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BG Medicine Partners with Framingham Study to Track Heart Attack Risk


Just a few years ago, the folks at BG Medicine couldn't have told you much about cardiovascular disease risk — which makes it that much more significant that the company just announced a pioneering deal with the Framingham Heart Study to discover and validate biomarkers for early detection of patients at risk of a heart attack.

"The prediction of first heart attacks is the biggest unmet medical need in the [developed] world," says Pieter Muntendam, CEO of BG Medicine, who steered his company in this direction starting a couple of years ago. "There's no doubt that you can treat these people, if you could only find these people in the month, the year before their first heart attack."

When Muntendam was first getting his footing in the cardiovascular realm, he met with various pharmaceutical companies as well as Philips, which was brought in to discuss imaging approaches to identifying patients at risk. The result of those talks was the formation of the HRP Initiative (HRP is short for "high-risk plaque"), founded by BG Medicine along with Merck, AstraZeneca, Philips, Takeda, and Abbott. The initiative aims to fund joint research projects designed to identify promising biomarkers.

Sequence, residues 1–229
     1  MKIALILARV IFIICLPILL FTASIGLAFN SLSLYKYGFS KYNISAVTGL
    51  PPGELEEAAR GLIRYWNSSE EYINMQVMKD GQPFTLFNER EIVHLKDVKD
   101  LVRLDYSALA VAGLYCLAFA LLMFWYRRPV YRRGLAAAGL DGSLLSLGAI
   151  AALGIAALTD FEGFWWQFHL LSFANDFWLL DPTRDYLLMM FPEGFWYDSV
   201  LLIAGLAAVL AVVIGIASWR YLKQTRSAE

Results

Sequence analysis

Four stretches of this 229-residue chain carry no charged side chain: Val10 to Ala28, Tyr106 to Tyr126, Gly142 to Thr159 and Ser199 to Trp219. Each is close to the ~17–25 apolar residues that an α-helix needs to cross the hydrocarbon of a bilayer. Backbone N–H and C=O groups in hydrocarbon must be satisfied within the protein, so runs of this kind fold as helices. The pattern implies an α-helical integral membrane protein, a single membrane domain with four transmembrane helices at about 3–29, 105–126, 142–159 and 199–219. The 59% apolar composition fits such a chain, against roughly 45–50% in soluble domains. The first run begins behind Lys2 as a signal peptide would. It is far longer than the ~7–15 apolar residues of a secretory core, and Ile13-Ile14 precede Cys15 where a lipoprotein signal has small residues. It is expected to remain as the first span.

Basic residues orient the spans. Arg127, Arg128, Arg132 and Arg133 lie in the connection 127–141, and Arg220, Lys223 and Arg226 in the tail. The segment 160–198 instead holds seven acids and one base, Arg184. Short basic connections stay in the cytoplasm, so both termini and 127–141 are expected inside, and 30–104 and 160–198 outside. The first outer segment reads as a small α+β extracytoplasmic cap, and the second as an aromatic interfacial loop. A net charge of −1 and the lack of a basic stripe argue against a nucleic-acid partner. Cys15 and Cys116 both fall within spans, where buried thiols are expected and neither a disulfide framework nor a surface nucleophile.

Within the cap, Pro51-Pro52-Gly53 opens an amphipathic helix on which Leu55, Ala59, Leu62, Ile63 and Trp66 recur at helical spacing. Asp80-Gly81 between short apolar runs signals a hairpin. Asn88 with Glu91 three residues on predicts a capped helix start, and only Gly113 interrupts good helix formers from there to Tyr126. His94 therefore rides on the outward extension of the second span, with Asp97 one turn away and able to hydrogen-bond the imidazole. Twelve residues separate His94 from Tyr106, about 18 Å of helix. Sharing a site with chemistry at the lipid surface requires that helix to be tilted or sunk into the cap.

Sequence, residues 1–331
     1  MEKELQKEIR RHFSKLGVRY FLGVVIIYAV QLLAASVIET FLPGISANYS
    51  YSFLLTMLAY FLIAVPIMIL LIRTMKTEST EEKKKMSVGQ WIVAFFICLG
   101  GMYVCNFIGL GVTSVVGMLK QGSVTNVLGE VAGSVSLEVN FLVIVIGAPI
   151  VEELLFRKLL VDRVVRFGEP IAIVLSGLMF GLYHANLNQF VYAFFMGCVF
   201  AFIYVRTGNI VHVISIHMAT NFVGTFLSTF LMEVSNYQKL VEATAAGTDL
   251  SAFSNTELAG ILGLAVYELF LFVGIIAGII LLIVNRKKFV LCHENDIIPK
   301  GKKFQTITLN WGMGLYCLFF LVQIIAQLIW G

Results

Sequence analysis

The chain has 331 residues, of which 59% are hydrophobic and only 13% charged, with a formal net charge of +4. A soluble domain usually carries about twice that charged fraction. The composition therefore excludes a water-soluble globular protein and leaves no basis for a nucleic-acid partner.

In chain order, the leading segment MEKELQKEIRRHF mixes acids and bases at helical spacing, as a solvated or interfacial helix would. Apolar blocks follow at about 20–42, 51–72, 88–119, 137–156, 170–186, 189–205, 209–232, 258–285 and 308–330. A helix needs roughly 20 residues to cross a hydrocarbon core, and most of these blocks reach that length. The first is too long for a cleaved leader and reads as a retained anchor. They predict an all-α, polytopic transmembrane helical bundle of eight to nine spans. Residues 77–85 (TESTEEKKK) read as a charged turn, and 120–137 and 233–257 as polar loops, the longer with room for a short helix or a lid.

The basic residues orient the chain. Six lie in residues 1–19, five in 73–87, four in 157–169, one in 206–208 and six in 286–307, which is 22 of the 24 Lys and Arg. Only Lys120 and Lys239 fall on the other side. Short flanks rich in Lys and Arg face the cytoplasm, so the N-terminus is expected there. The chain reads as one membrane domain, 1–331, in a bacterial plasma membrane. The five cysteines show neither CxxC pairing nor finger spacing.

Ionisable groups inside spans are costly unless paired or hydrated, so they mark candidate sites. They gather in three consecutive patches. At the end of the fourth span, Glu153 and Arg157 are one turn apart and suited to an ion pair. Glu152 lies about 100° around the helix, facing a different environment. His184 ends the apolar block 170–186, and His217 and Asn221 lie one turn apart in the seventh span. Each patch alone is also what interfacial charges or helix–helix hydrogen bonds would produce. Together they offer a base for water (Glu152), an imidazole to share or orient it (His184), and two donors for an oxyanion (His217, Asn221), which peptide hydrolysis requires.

The initiative also got the attention of the Framingham Heart Study, a 60-year-old longitudinal study that has enrolled more than 9,000 participants and is run by Boston University. The National Heart, Lung, and Blood Institute, which funds the Framingham study, signed the company on for a cooperative research and development agreement.

The research project, called the Systems Approach to Biomarker Research in Cardiovascular Disease, teams BG Medicine, NHLBI, and the Framingham study in a series of biomarker studies focused on heart disease and predictors of first heart attack. "We do this in collaboration with people who have studied cardiovascular risks longer and more than anyone else," Muntendam says.

The search will focus on protein and metabolite markers, Muntendam says, since much of cardiac disease is about lifestyle rather than genetics. BG Medicine has performed proteomic and metabolomic studies in previous research projects — generally measuring upward of 1,000 analytes in blood — and is now trying to sift out the biomarkers that show a consistent signal for inflamed plaque. "We're trying to find a plasma-level readout," Muntendam says.

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